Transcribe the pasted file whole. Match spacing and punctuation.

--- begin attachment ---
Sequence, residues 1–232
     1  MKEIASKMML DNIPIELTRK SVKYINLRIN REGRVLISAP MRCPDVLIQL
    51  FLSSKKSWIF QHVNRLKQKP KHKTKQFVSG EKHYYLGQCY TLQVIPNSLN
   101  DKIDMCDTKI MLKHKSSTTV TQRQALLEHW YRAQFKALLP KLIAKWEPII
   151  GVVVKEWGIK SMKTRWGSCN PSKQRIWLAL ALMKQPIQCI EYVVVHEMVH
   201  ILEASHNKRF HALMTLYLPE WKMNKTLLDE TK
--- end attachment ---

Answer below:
Sequence, residues 1–232
     1  MKEIASKMML DNIPIELTRK SVKYINLRIN REGRVLISAP MRCPDVLIQL
    51  FLSSKKSWIF QHVNRLKQKP KHKTKQFVSG EKHYYLGQCY TLQVIPNSLN
   101  DKIDMCDTKI MLKHKSSTTV TQRQALLEHW YRAQFKALLP KLIAKWEPII
   151  GVVVKEWGIK SMKTRWGSCN PSKQRIWLAL ALMKQPIQCI EYVVVHEMVH
   201  ILEASHNKRF HALMTLYLPE WKMNKTLLDE TK